Because We Are Poor: Irish Theatre in the 1990s

August 18, 2011

We are frequently told that the key asset of a knowledge-based economy is people: smart, flexible, educated, proficient, globally aware. This surely describes the Irish of the 1990s, and their fundamental desire to succeed. Indeed, in the view of business figures such as the late Joe Gantly, former senior director of EU operations at Apple, this desire fuelled the (now, alas, seemingly extinct) "Celtic Tiger" economic boom, which brought Ireland from rags to riches in less than a decade.

In the years since Europe's last remaining colonial state became an independent country, issues of decolonisation, anticolonialism and postcolonialism have dominated academic discourse and cultural productions nationwide. Victor Merriman's Because We Are Poor contributes to debates on an independent Ireland and the ways it has been represented on the Irish stage. It investigates recent and radical transformations of Britain's former colony in an attempt to assess the interventionist potential of theatre and of its reception.

This work is a must for scholars working in the field, and a valuable read for those working in neocolonial contexts where money takes priority over culture. Merriman's background as an academic and a theatre practitioner feeds his in-depth reading of the decade, which he sees as the culmination of a long process of political and sociocultural transformations. He follows a thematic and non-rigid chronological order here, looking first at the notion of contemporary Ireland as "a successor state", an entity that has betrayed and delayed the postcolonial dream, while carrying out a neocolonial and bourgeois project with no real cultural independence.

This, he argues, is why the Irish "are poor": the Celtic Tiger brought them an economy, but not a society. Decolonisation, in other words, remains a Utopia. Seen as a social process, and by way of the performed event, its creators and audience, theatre bears a cultural burden and the responsibility to encourage self-consciousness, and achieve the long-postponed decolonisation of Ireland.

Merriman then follows what he aptly calls "a rising tide", that is, the development of theatrical strategies and artefacts that take on elements from the prophetic dramas of J.M. Synge, Lady Augusta Gregory and W.B. Yeats as they create sites of transition (as in Samuel Beckett's Molloy) and dissent (as in the work of Tom Murphy and Noel O'Donoghue). The past is all too present in these works, via images of the Famine, violence and abuse. Here, Merriman offers fresh and perceptive readings of these plays, and makes us want to go back to them and see them performed.

He is persuasive in his view that while mainstream society tends to deny the impact of colonialism, theatre struggles to expose it - or at least some Irish theatre of the 1990s did. In fact, Irish drama practice of that decade featured both mainstream productions serving the evidently myopic state, and dissident productions that opposed and challenged it. Controversially, Merriman includes the work of Marina Carr among the former, in a courageous but not entirely convincing assessment of works that, in fact, constantly denounce the faults of a nation at odds with its others. Her use of the canon and the creation of marginalised female characters testify to her determination to go against, rather than reinforce, dominant and homogenising cultural practices. In doing so, she adds to other enabling female voices of anticolonial and postcolonial desire.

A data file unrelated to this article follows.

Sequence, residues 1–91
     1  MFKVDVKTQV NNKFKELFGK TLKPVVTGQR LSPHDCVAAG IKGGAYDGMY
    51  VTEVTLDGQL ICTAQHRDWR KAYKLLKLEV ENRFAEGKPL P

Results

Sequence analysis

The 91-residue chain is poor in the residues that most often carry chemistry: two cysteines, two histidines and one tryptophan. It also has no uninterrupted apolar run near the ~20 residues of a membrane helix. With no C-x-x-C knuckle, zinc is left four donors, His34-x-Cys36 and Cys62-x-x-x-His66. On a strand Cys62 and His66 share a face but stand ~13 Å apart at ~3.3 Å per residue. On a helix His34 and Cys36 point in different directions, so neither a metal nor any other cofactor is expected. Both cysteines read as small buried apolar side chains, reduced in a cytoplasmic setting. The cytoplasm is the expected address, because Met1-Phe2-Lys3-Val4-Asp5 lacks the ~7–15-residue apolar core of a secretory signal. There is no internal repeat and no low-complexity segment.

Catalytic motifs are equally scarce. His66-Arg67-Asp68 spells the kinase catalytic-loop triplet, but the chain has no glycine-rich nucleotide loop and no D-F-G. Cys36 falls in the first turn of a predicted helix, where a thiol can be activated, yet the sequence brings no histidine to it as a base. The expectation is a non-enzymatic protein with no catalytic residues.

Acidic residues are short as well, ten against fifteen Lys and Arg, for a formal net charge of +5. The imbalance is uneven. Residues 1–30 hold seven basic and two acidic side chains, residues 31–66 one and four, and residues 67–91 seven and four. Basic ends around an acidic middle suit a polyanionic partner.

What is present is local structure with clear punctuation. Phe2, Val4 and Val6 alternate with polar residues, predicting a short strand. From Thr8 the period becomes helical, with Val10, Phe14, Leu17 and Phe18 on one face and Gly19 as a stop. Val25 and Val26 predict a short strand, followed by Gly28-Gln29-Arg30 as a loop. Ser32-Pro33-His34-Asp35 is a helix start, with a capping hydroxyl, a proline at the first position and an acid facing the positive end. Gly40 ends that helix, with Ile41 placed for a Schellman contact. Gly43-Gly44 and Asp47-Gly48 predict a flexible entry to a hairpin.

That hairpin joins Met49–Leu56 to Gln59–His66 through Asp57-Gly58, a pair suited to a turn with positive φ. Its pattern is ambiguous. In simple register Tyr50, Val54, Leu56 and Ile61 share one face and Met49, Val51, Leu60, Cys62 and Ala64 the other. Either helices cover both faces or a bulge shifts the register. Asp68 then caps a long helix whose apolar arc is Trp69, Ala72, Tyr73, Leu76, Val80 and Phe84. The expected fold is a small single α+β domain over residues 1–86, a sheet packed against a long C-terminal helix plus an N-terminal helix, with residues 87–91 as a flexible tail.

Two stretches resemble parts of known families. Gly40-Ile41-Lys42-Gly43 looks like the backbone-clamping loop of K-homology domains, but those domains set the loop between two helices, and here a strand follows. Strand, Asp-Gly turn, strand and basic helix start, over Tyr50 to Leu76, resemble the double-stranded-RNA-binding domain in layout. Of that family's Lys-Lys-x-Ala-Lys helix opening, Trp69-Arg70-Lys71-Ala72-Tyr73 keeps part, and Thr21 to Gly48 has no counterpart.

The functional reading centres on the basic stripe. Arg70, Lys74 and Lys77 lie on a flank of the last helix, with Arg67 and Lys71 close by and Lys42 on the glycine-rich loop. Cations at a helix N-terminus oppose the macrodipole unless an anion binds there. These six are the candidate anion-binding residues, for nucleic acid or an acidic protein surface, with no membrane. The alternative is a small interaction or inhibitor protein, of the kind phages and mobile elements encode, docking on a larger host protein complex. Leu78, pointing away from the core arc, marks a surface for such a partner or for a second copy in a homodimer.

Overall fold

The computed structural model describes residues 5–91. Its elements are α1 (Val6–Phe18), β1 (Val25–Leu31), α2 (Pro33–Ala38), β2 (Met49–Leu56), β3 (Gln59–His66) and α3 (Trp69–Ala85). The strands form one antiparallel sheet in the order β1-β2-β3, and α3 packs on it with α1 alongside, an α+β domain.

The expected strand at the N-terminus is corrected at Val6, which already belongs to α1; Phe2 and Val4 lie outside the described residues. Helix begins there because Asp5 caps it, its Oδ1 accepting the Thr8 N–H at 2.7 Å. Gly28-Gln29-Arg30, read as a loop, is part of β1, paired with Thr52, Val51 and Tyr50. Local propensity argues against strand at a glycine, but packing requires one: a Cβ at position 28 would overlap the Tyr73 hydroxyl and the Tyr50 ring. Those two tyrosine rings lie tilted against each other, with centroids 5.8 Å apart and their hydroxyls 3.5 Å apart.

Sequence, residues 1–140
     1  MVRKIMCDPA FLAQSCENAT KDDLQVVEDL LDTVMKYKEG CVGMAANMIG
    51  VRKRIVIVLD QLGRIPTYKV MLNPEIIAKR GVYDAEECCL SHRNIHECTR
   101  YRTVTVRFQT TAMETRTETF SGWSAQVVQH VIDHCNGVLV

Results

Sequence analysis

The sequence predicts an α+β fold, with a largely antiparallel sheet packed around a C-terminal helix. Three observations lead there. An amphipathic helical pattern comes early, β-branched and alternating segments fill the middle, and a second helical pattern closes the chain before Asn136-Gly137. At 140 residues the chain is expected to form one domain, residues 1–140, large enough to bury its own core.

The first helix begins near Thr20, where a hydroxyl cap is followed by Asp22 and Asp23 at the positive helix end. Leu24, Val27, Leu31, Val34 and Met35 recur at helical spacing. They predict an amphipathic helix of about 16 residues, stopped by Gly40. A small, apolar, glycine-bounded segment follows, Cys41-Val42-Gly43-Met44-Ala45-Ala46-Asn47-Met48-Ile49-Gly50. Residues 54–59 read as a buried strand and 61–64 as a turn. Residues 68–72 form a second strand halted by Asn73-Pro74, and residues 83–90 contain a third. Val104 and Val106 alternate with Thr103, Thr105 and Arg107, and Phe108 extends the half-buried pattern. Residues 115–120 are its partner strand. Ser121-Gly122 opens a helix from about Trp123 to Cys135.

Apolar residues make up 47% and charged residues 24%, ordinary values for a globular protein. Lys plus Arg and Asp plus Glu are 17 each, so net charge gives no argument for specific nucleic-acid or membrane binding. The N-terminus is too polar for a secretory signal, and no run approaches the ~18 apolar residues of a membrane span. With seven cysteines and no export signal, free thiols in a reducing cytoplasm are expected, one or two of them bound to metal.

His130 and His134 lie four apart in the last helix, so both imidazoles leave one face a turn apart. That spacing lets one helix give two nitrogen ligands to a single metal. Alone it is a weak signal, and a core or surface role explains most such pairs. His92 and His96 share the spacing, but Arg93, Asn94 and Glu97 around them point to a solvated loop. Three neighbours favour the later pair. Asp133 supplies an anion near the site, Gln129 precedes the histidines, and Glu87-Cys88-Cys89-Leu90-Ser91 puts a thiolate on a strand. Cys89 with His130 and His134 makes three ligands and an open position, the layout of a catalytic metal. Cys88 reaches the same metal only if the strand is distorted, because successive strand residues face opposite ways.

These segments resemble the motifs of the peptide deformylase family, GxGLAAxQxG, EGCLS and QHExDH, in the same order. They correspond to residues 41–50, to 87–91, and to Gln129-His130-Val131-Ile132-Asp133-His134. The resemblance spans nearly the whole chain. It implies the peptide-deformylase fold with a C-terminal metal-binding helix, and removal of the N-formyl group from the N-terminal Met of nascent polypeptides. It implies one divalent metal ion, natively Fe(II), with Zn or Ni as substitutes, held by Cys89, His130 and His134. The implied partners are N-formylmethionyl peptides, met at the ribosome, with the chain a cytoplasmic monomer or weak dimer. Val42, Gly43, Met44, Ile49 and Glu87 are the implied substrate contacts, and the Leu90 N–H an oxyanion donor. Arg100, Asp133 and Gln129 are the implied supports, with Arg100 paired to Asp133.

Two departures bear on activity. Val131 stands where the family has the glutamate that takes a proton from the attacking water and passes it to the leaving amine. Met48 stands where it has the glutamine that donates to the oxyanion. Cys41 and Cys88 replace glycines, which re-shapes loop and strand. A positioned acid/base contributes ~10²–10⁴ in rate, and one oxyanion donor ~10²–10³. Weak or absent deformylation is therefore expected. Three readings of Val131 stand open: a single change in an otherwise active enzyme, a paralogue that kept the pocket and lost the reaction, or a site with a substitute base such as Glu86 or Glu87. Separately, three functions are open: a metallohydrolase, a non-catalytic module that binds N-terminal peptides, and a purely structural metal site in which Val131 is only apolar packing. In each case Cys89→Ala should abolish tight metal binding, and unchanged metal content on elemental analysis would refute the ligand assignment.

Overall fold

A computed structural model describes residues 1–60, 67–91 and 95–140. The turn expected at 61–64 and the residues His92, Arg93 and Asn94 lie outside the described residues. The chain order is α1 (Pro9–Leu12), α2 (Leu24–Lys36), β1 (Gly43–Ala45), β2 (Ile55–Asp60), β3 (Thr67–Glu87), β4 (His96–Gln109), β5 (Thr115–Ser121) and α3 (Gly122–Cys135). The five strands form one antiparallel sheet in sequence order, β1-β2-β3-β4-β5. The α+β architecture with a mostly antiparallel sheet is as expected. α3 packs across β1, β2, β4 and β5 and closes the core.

As for dramatic decolonisation, Wet Paint Arts and Calypso Productions are given their due credit here as theatre of the people and for the people, born of a strongly felt desire for consciousness and recognition of difference. In his conclusion, Merriman echoes the view of many who also advocate a broader participation in a national project of decolonisation, towards a "second republic" that is inclusive rather than exclusive. For them, and for us too, and in spite of Ireland's recent economic travails, people remain an essential asset in its knowledge-based culture.

Because We Are Poor: Irish Theatre in the 1990s

By Victor Merriman. Carysfort Press, 250pp, £17.50. ISBN 9781904505518. Published 10 March 2011

You've reached your article limit.

Register to continue

Registration is free and only takes a moment. Once registered you can read a total of 3 articles each month, plus:

  • Sign up for the editor's highlights
  • Receive World University Rankings news first
  • Get job alerts, shortlist jobs and save job searches
  • Participate in reader discussions and post comments
Register

Have your say

Log in or register to post comments

Most Commented

Felipe Fernández-Armesto takes issue with a claim that the EU has been playing the sovereignty card in Brexit negotiations

Female professor

New data show proportion of professors who are women has declined at some institutions

John McEnroe arguing with umpire. Tennis

Robert MacIntosh and Kevin O’Gorman explain how to negotiate your annual performance and development review

Man throwing axes

UCU attacks plans to cut 171 posts, but university denies Brexit 'the reason'

opinion illustration

Eliminating cheating services, even if it were possible, would do nothing to address students’ and universities’ lack of interest in learning, says Stuart Macdonald